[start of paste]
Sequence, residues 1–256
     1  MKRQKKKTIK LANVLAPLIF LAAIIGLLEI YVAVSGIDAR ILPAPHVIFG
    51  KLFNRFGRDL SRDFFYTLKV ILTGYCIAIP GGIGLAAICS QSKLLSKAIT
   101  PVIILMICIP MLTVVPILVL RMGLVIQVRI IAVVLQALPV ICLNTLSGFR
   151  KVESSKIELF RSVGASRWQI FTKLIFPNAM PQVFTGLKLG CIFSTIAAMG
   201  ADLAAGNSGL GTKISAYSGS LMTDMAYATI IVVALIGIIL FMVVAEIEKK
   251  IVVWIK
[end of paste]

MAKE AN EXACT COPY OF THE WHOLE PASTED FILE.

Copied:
Sequence, residues 1–256
     1  MKRQKKKTIK LANVLAPLIF LAAIIGLLEI YVAVSGIDAR ILPAPHVIFG
    51  KLFNRFGRDL SRDFFYTLKV ILTGYCIAIP GGIGLAAICS QSKLLSKAIT
   101  PVIILMICIP MLTVVPILVL RMGLVIQVRI IAVVLQALPV ICLNTLSGFR
   151  KVESSKIELF RSVGASRWQI FTKLIFPNAM PQVFTGLKLG CIFSTIAAMG
   201  ADLAAGNSGL GTKISAYSGS LMTDMAYATI IVVALIGIIL FMVVAEIEKK
   251  IVVWIK